Wild Flavors: Dry-aging Copper River Sockeye Salmon with Cesar Figueroa

Published July 11th, 2024 by Copper River Salmon

In the summer of 2023, I met Cesar Figueroa on a typical gray and rainy Cordova afternoon. I was on Main Street chatting with a friend and spotted him right away. Sure, I'd seen glimpses of his culinary talent on social media where he shares his elevated dishes, and heard of his participation during the 2022 Chef Tour, but meeting him in person was different; he greeted me with genuine warmth and approachability.

Cesar's roots trace back to Cuernavaca, Mexico, a quaint city nestled on the outskirts of the nation's bustling capital. Raised amidst the rich tapestry of Mexican cuisine within a family of butchers, he brings a rich cultural flair to his cooking. Cesar's culinary journey led him to Seattle--a place he now calls home, and creates hybrid dishes sourcing local Pacific Northwest ingredients. Our conversations often flow effortlessly between English and Spanish, infused with the playful charm of Spanglish—a reflection of our shared cultural heritage.

During his last visit, we discussed a technique that he uses in his cooking and that had piqued my curiosity ever since Cesar first hinted at it in an email exchange weeks prior to our meeting: the process of dry-aging salmon. 


Cesar in Cordova, learning about the Copper River fishery. 

Have you ever heard of or tried dry-aged salmon? It's a fascinating culinary process where fresh salmon is carefully stored in a controlled environment with specific temperature and humidity conditions for a designated period, typically ranging from a few days to several weeks. During this time, enzymes naturally present in the fish's flesh break down proteins and fats, resulting in enhanced flavor, intensified umami notes, and a firmer, more appealing texture.

Dry-aging can extend the fish's shelf life, reducing potential waste, and offering chefs and seafood enthusiasts a unique and flavorful dining experience. The real magic happens as the salmon loses some moisture without spoiling, resulting in incredible flavor and texture enhancements.

Cesar shared with us his recipe for Copper River sockeye salmon–dry-aged for 15 days–marinated with blackened strawberry kosho and paired with nixtamalized white strawberries poached with umeshu wine made with green strawberries. He then finished the dish with wild strawberries, strawberry leaf oil, & cultured white strawberry cream.


I asked Cesar to give his expertise and knowledge on dry-aging Copper River salmon and why he seeks out this technique.

Can you describe the process of dry aging salmon? How do you ensure that it dry ages properly while maintaining quality? 

As a rule of thumb, always use fresh salmon for dry aging. I always get mine from Copper River Salmon. First, remove the scales carefully with a knife. Instead of washing, pat dry with a paper towel to preserve moisture. Gut and clean the fish well, then portion it. If you can't hang the whole fish, cut it into the head and collars, the middle, and the tail. Place portions on a wire rack over a sheet tray in your fridge, flipping daily to ensure even drying.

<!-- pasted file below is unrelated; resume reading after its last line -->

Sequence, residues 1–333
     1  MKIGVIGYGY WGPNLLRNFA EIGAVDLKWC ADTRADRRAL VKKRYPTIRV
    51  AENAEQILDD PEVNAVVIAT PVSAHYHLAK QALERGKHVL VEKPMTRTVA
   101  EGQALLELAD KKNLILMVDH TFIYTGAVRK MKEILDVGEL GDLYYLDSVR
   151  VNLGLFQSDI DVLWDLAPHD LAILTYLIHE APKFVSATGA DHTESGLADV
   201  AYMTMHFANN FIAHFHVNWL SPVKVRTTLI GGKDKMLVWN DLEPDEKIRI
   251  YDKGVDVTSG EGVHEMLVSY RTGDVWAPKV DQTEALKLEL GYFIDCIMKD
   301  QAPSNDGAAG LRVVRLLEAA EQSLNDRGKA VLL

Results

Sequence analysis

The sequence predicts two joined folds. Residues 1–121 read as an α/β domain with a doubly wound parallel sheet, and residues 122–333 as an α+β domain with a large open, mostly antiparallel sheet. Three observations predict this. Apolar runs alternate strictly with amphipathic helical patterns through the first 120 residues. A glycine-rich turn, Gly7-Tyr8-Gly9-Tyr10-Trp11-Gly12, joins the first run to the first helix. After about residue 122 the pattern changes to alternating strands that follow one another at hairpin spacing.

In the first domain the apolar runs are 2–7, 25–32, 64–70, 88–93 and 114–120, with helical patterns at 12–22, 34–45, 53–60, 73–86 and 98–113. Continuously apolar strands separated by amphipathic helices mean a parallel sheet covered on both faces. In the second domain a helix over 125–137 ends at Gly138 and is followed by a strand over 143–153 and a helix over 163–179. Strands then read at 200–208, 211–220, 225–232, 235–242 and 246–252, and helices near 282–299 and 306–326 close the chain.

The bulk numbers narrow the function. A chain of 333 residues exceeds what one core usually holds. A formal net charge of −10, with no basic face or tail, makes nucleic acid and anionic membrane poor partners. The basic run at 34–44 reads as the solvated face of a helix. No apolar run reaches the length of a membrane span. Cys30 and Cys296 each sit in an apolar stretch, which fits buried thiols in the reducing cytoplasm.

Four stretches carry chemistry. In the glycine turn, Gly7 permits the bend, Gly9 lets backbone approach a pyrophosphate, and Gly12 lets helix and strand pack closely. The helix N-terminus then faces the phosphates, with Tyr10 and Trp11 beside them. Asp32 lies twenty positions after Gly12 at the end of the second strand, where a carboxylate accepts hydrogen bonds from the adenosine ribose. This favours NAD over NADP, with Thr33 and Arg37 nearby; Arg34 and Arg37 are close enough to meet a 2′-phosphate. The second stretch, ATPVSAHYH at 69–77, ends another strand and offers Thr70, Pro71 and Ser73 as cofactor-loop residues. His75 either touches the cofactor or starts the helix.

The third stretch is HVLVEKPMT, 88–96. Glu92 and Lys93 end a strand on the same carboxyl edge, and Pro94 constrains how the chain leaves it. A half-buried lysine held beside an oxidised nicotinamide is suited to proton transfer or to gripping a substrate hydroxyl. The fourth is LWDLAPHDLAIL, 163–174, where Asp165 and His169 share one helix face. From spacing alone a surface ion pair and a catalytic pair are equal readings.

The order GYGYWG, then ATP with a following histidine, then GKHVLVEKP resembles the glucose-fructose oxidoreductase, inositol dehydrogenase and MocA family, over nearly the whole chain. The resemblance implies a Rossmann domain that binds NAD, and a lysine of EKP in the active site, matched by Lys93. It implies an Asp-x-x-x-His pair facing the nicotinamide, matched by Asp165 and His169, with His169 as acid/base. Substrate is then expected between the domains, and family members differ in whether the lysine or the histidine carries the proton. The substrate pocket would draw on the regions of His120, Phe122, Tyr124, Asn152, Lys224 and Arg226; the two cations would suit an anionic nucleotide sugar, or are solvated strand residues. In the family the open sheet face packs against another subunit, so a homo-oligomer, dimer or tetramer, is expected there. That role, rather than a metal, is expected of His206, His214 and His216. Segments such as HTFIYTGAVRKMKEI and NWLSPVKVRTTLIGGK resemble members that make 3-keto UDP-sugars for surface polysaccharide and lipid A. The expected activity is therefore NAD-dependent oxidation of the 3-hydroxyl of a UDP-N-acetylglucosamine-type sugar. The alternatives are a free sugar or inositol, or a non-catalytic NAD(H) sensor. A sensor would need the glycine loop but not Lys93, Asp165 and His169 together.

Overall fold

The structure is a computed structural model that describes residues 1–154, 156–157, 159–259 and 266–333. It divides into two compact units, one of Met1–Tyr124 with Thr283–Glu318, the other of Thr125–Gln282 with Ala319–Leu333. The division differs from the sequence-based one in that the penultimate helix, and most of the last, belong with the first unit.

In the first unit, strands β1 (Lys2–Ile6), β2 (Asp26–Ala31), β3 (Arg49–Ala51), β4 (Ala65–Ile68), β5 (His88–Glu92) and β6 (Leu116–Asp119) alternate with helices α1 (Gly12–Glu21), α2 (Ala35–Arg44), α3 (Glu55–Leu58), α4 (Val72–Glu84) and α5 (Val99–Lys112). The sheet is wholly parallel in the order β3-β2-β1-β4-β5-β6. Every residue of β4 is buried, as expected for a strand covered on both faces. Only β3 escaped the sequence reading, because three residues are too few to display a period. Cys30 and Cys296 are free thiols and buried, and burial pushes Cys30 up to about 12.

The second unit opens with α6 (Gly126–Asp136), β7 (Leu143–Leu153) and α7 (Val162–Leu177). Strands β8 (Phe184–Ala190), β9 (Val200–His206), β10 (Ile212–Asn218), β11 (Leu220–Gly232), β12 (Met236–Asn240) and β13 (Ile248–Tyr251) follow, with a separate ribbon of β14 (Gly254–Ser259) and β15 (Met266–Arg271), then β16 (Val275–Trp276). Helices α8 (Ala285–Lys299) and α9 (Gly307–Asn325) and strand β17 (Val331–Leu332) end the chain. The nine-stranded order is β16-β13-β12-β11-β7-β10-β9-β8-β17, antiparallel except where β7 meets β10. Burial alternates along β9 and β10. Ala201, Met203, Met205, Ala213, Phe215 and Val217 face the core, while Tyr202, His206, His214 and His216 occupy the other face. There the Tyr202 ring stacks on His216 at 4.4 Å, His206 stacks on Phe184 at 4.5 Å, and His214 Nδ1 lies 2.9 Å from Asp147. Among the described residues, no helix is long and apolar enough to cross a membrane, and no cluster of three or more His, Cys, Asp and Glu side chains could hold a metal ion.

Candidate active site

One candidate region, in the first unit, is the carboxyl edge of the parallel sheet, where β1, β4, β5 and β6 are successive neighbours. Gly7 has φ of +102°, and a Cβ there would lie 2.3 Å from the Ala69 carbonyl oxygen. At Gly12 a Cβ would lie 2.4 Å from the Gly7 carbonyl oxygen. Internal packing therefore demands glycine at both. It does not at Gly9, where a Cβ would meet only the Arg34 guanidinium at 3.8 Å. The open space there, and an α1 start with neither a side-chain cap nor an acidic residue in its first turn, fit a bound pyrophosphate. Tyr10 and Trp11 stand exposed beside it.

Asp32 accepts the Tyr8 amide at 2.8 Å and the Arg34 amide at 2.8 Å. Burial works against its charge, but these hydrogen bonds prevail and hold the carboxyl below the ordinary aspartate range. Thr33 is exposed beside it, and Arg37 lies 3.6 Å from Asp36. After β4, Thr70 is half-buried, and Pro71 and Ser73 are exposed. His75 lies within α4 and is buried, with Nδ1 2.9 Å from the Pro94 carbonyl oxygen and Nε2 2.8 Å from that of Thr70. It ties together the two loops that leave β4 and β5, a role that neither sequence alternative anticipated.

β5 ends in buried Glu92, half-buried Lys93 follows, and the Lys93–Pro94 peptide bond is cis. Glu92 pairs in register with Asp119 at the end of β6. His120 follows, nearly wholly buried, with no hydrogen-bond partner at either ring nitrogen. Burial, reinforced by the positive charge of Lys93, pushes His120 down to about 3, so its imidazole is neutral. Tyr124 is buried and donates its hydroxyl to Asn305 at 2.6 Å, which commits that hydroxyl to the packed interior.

How do you determine the ideal aging time?

It depends on the fish. The smaller the fish, the less time it takes, for example 3–7 days. A salmon is a bigger fish, has more skin, bones and is more robust, therefore you can dry-age it up to 30 days. It depends on the texture and flavor you want, but for most people starting, I’d recommend 15–30 days.

Why do you think dry-aging is worth exploring?

I believe it's worth exploring because it's going to give you a better result and knowledge about the fish. There’s a connection between fish and fishy smells, but in reality this is not how it should be. Once you start dry-aging, you can understand how to pick a fish and the different stages it goes through and the boundaries you can push with it. You won't be afraid to experiment more once you do this. It's a good way for a home cook or someone who doesn't have experience to understand the senses, textures and holistic features of salmon.

What makes dry-aging different from other cooking methods?

What makes it different is the fat texture. You will smell and taste the aged fat on the salmon. When you cook it within something like a curry or soup, you are going to taste the salmon more drastically, and there's nothing in there diluting the flavor per se. 

What advice you would give to home cooks trying dry-aging in their kitchens?

Do your research! Read some books on it, and don’t be afraid of experimenting with it. There are some learning curves along the way, but it's like anything, don’t get discouraged. Start small, day-by-day, and remember that it’s not as hard as it looks. Again, you’re going to get those flavors and textures. Once you understand the process, you can create so many things.

Can you share any recipes where dry-aged Sockeye shines?

I would suggest pairing it and not mixing it in to a recipe. It’s better to prepare it separately when it comes to appreciating the fish. It defeats the purpose when you add it to things like soup or curries. It doesn't need to be complicated because you already did the complicated part. 

Additional thoughts: 

Try to utilize everything from the fish. We tend to discard the skin, head and bones because we don't know what to do with them. Try to appreciate the fish by using all of it and not wasting a single part.

Cesar during the 2022 Summer Salmon Camp 

‹ Back